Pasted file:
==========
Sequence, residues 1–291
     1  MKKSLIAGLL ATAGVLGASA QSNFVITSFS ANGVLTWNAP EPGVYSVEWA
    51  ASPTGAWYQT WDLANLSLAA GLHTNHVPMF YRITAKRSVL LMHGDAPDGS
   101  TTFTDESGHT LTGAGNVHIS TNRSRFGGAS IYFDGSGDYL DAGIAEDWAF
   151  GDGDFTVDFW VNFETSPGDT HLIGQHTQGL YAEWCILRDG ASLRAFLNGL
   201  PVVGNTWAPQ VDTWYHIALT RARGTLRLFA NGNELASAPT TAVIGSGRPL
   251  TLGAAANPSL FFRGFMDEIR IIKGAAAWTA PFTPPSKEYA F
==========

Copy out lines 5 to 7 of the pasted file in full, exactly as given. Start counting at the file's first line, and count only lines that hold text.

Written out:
   151  GDGDFTVDFW VNFETSPGDT HLIGQHTQGL YAEWCILRDG ASLRAFLNGL
   201  PVVGNTWAPQ VDTWYHIALT RARGTLRLFA NGNELASAPT TAVIGSGRPL
   251  TLGAAANPSL FFRGFMDEIR IIKGAAAWTA PFTPPSKEYA F